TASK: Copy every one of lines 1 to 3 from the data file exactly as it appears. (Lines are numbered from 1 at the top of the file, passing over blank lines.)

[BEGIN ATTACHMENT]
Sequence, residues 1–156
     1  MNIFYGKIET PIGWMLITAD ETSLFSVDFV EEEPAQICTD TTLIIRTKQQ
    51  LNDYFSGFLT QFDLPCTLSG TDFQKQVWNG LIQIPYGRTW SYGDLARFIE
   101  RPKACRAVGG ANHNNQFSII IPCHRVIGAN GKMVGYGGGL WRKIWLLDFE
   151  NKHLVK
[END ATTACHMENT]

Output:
Sequence, residues 1–156
     1  MNIFYGKIET PIGWMLITAD ETSLFSVDFV EEEPAQICTD TTLIIRTKQQ
    51  LNDYFSGFLT QFDLPCTLSG TDFQKQVWNG LIQIPYGRTW SYGDLARFIE